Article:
Absorbent material 22 may comprise a thin, absorbent layer of material such as tissue, fabric or the like made of cellulosic fibers. Because such material is provided as a safety measure and is only required to retain escaped fluid, it need not be very absorbent at all and, in fact, may be comprised of any capillary or cellular system including hydrophobic material. Thus, a useful material may be a fabric comprised of the hollow polyester fibers and heat bondable polyester/polyethylene conjugate fibers. Such conjugate fibers are fibers which comprise a polyester core surrounded by a sheath of polyethylene. Preferably, the conjugate fibers employ high density polyethylene, that is, linear polyethylene that has a density of at least 0.94 gm/cc and a Melt Index (as determined by ASTMD-1288E method, employing the parameters of 190° C. and 2160 gms.) of greater than 1, preferably greater than about 10, and more preferably about 40 to about 60 percent, by weight polyester and, preferably, from 45 to 55 percent by weight polyester, with the remainder being polyethylene. Such fibers may be used in deniers of from 1 to about 6 and may be from about 1/2 inch (1.27 cm.) to about 3 to 4 inches (7.62 to 10.16 cm.) long. The fabric comprising such fibers is stabilized by applying heat thereto whereby thermal bonding takes place. This fabric has the added advantage of providing resiliency and conformability to the product.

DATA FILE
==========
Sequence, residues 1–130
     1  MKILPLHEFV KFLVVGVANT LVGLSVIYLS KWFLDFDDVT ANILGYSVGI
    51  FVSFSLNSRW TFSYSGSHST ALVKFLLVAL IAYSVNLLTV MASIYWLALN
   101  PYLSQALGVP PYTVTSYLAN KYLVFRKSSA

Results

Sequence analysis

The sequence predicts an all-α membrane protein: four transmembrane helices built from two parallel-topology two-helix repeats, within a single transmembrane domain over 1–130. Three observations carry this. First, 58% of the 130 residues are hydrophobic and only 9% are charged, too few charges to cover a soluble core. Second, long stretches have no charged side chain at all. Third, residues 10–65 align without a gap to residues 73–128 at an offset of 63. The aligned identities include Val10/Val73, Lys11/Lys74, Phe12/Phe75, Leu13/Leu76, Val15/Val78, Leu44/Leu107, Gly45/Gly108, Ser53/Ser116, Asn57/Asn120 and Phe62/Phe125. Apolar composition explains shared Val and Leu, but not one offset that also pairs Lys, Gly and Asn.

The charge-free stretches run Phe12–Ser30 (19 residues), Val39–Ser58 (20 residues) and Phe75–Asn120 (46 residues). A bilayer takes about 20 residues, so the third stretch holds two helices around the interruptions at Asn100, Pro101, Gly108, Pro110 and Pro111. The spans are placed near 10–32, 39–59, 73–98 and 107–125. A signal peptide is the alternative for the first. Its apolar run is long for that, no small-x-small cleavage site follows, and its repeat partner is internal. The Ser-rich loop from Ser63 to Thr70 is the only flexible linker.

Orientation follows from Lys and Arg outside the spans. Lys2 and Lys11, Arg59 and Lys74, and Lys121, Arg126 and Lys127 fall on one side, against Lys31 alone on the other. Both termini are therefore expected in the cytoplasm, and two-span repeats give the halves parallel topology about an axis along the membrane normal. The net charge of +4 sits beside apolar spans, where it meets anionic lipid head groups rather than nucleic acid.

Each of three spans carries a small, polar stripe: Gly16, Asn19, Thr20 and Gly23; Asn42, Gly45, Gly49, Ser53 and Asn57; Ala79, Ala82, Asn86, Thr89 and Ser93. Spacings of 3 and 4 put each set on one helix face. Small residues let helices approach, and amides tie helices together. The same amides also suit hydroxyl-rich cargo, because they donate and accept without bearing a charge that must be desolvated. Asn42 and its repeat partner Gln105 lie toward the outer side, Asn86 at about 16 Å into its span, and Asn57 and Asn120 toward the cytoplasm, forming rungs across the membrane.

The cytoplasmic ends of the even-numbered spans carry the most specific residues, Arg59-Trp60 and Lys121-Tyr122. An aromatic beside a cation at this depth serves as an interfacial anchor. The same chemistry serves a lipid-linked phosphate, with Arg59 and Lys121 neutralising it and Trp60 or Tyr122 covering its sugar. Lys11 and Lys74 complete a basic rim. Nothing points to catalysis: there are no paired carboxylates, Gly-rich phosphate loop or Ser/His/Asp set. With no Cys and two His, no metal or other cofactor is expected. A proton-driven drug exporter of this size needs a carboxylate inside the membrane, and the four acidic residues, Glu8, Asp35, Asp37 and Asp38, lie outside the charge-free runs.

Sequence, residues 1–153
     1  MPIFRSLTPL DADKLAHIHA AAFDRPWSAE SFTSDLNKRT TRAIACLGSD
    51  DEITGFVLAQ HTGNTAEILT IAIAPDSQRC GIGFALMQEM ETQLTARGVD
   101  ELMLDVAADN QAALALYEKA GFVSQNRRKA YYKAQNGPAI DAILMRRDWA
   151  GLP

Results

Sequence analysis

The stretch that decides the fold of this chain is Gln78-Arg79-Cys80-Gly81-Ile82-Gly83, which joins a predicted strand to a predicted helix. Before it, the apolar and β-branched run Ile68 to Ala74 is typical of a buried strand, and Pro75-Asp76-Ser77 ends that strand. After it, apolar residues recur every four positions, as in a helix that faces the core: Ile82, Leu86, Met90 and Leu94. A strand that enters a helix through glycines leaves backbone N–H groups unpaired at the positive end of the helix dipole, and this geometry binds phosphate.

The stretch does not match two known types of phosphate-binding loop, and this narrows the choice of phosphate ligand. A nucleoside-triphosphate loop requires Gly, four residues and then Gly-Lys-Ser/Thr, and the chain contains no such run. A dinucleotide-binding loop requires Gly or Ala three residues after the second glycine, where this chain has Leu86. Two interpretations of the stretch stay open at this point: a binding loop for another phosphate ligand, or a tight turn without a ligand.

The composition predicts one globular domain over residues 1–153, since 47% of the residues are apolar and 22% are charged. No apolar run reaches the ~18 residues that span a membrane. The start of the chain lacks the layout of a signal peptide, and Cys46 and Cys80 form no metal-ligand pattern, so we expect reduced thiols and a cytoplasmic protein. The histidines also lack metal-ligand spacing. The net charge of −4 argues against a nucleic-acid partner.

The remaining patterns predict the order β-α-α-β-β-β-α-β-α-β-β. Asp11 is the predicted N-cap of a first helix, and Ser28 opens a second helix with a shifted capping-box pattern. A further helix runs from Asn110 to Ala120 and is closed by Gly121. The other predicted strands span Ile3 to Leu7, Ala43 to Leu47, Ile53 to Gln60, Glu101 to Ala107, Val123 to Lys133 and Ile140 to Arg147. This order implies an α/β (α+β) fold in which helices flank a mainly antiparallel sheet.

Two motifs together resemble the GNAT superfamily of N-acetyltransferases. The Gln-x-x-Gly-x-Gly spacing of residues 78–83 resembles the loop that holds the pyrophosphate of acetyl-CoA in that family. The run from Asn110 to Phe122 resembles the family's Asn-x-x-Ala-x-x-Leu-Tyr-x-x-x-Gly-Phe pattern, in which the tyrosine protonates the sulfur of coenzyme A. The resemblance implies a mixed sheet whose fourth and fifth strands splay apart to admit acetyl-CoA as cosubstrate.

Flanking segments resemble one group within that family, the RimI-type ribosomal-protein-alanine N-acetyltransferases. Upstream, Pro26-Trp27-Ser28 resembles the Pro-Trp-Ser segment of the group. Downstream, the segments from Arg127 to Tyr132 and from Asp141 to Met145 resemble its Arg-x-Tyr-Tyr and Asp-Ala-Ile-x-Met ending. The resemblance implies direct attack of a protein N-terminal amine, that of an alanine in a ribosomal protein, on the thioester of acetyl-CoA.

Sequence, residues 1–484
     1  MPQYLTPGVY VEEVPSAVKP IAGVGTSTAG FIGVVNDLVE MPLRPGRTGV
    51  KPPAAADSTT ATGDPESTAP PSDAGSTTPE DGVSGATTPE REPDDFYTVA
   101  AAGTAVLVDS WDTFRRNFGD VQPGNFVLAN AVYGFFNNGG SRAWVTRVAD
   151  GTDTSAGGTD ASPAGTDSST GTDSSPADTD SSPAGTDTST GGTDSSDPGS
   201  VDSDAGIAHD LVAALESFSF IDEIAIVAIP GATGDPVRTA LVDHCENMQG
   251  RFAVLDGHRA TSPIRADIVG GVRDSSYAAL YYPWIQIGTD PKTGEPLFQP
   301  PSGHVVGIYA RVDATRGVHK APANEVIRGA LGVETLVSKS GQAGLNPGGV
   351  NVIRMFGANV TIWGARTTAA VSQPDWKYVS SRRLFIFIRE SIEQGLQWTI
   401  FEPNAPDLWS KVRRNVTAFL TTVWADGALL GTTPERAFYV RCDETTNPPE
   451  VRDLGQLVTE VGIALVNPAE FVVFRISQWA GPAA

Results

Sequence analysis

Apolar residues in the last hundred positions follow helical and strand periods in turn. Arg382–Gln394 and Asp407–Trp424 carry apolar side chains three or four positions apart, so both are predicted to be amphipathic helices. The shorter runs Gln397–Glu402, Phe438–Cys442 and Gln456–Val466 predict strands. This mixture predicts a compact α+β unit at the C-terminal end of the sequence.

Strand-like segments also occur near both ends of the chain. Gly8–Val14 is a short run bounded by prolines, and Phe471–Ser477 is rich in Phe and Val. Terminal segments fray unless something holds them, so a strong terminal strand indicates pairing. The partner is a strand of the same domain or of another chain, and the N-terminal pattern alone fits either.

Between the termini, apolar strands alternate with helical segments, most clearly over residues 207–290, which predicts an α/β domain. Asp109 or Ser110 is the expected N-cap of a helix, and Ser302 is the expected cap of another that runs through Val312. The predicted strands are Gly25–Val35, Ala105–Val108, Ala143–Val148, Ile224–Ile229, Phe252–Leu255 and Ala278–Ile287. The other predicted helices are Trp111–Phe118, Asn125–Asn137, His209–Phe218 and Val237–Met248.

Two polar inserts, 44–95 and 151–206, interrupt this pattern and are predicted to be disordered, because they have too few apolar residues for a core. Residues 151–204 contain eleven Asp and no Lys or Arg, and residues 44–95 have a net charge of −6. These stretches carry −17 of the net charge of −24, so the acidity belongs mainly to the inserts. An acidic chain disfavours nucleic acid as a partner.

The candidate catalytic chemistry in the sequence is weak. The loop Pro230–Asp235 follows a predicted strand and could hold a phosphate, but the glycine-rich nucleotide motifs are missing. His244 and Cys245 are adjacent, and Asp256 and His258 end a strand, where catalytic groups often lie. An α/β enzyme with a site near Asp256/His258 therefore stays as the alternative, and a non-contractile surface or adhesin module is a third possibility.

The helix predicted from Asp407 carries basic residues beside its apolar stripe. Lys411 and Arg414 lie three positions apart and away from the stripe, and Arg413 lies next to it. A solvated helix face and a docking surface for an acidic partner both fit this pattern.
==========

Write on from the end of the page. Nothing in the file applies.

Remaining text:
As best viewed in FIG. 5, overlying the absorbent element 12 and preferably also the absorbent material 22 is a fluid permeable cover material 24. This cover may comprise any of the well known cover materials used in sanitary napkins including, for example, non-woven fabrics of cellulose, regenerated cellulose, polyester or other synthetic polymers. Additionally, polymeric fibers having apertures therethrough to render the films pervious to fluids may also be employed. A cover material of choice is a fabric comprising the same heat bondable polyester/polyethylene conjugate fibers as are described above, but without the hollow polyester fibers preferably employed for layer 22.